How to Tile a Premade Plastic Shower Pan

Modern bathroom shower


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Project Overview
  • Working Time: 3 - 6 hrs
  • Total Time: 1 - 2 days
  • Yield: Tiled shower pan
  • Skill Level: Advanced
  • Estimated Cost: $700 to $800

When remodeling a bathroom, one thing to be replaced is often the shower, bathtub, or shower/bath combination. If you have a shower, you'll need to make a choice about shower pans. Do you install a pre-fabricated shower stall, which offers the advantage of a premade shower pan, or a tiled shower with a built-from-scratch shower pan?

Instead of choosing between one or the other, it's possible to have a combination: Tile the walls and still install a synthetic shower pan. This gives you the beauty of the tiled walls and the easy installation of a prefabricated pan. For do-it-yourselfers, using a premade shower pan with tile is easier and far more foolproof than the traditional tilers' method of forming a shower base from scratch.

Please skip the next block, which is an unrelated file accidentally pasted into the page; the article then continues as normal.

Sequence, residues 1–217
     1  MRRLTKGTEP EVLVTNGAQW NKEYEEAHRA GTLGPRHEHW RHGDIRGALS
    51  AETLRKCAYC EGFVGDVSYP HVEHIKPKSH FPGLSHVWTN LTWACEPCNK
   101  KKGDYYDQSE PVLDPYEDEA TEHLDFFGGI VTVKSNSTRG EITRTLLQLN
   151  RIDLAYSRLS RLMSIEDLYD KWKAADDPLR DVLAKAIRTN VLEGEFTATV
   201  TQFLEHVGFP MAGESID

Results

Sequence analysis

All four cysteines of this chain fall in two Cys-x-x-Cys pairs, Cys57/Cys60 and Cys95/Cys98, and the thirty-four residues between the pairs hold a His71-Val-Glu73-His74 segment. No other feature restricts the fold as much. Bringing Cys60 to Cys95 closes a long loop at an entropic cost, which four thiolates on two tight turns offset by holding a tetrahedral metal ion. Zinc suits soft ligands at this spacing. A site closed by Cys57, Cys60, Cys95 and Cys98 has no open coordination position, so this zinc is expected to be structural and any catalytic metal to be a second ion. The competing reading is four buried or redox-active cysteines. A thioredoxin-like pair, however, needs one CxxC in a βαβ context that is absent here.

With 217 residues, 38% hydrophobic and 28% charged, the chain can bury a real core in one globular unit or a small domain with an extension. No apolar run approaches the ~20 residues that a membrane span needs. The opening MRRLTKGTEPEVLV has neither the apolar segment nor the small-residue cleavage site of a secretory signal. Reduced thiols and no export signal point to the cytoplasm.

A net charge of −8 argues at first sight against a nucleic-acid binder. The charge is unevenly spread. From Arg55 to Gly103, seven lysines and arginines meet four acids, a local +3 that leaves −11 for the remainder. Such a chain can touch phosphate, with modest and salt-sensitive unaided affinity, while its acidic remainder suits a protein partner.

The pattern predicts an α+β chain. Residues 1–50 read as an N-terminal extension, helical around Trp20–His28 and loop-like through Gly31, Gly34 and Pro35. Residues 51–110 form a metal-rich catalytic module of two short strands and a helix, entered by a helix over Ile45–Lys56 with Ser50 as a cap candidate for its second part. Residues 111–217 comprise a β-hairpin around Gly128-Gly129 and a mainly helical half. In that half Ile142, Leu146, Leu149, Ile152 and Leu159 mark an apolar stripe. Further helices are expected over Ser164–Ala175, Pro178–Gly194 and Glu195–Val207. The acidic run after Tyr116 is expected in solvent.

What a Tile-Over Shower Pan Is

A tile-over shower pan is a shower pan that is designed to accept tile and can do so because it is heavier and sturdier than a normal pan. This allows the pan to withstand the weight of most users without cracking the grout or tile.

In a typical installation, the shower pan is set into a bed of mortar to level it and secure it to the subfloor. Next, the walls are covered with cement board and are sealed to the pan with silicone caulk or with a special flashing followed by caulk.

The tiles adhere to the base either with a conventional modified thinset or with an epoxy adhesive supplied by the shower pan manufacturer. You cannot tile over standard polymer or fiberglass shower pans because they flex too much and will eventually crack the tile grout and possibly even the tile itself.

  • Pre-sloped: no need to slope and incline the tile

  • Possibility of leaking greatly reduced

  • Reduces the amount of work

  • Considerably more expensive than building a mortar-base tiled shower pan

  • Comes only in a limited number of sizes

What You'll Need

Equipment / Tools

  • 1 notched trowel
  • 1 bucket
  • 1 wet tile saw